Gaming OR interactive games/active gamesOR Wii, Nintendo Games OR TELE games (TELE rehabilitation Keywords are used) AND Multiple Sclerosis ({MS}, Disseminated Sclerosis, Encephalomyelitis Disseminata) AND Balance Exercises (Equilibrium Exercises).

Study Selection

Data bases of PubMed and Scopus were searched by using different combinations of keyword and MeSH term, which include Multiple sclerosis, WII, gaming, rehabilitation and balance exercises etc., which gave us total of 57 studies. After title and abstract review, 50 were excluded(TELE-Rehabilitation based on Xbox {n=3}, outcome measure was cognitive and physical active behavior on MS patients {n=4}, Gamingissue {n=8}, other are related to genetic and biological nature {n=35}).

Seven full text articles were screened for eligibility criteria which contains relevant informations and two (n=2) were excluded because one study by Nilsagård, Forsberg, & Koch, 2013[7] was the replied, second study was by Plow & Finlayson, 2011[8] provided inadequate measures to assess Wii interventions in balance exercise on MS people.

Data Extraction

Fivestudies out of seven were selected for this systemic review after the full text reading and applying the criteria. All of these studies used the Wii Balance board as a major intervention in assessment of primary outcome variable which wasbalance and stability accompanied by secondary outcome measure, Modified fatigue impact score, while some studies also measure behavior outcome such as overall quality of life and physical active behaviors.

Data was extracted by the Author individually by full text reading from each research. Data consists of subject selection allocation, place and location where research was conducted and intervention applied, blinding and grouping into the intervention and control group, Objective of the study, Data collection instruments and data analysis software, limitation and further suggestion from the each paper. Quality assessment was not performed for the selected studies because of the limited number of studies and participants.

  Results Top

The initial search yield 57 studies with keywords Wii or multiple sclerosis and balance in the PubMed and Scopus data bases. After applying selection criteria and abstract reading, 50 studies out of 57 were excluded because of absence of Wii intervention orunmatched protocol. In the end we studied 7 full text articles and 2 were excluded in second phase because one study by Nilsagård et al., 20137was the reply to other author and second study by Plow & Finlayson, 20118 was behavior study of Wii intervention on physical activity among multiple sclerosis people. In the second study although author used balance assessment to check overall physical activity but the tool used to quantify balance outcome was not reliable and valid, because balance assessment was nor the primary outcome of the study neither the main objective.Complete study selection is shown below in the flow diagram of [Figure 1].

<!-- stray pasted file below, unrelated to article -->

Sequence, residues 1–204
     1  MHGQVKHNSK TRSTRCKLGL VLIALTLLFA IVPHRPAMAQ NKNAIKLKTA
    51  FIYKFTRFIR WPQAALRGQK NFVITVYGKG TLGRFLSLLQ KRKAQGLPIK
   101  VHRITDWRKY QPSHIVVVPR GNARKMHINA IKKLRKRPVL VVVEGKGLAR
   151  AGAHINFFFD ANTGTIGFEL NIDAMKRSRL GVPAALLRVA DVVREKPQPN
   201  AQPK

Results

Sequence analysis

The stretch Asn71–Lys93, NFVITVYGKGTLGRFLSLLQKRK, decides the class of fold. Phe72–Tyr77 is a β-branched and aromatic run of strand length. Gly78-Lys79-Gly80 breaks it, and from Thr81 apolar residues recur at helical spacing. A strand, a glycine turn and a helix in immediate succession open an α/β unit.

Figure 1: Flow diagram of the studies selection (n=number of studies)

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Collectively, selected studies include 205 MS diagnose people by neurologists using the McDonald criteria and the expanded disability status scale (EDSS) range from minimum 1 to maximum 6 with mild to moderate multiple sclerosis. Only one study use the MS Impact Score 29(MSIS-29) for measuring the disability.[7] (Summary of all information is listed in the [Table 1]. One study reported Chronic MS course[9] and three reported relapsing and secondary progressive course.[2],[7],[10] In all studies, persons with MS were reported ambulatory. In our review, three were RCTs and one was two period crossover pilot study[10]and other one was pilot quasi experimental study design.[9] (Second Colum in [Table 1] present this information). All the five studies applied Wii intervention in balance exercise among people with MS. Only one study applied Wii intervention in Home based setting[10] while rest were outpatient and in clinical setting. Out of five, One study did not used control group intervention[9] and one used cross over design[10] in which one intervention group (IGa) used Wii console for first session of 12 months and after 12 month no intervention. And in second intervention group (IGb),they did not used any intervention at all in first session of 12 weeks and then used Wii intervention for next 12 week until the end of study period(Fourth Colum in [Table 1] present this information). All studies record measures at the baseline (T0) and after the completion of program (T1), only one study recorded measures just after the exercise program, which was lasted 30 min per session.[9]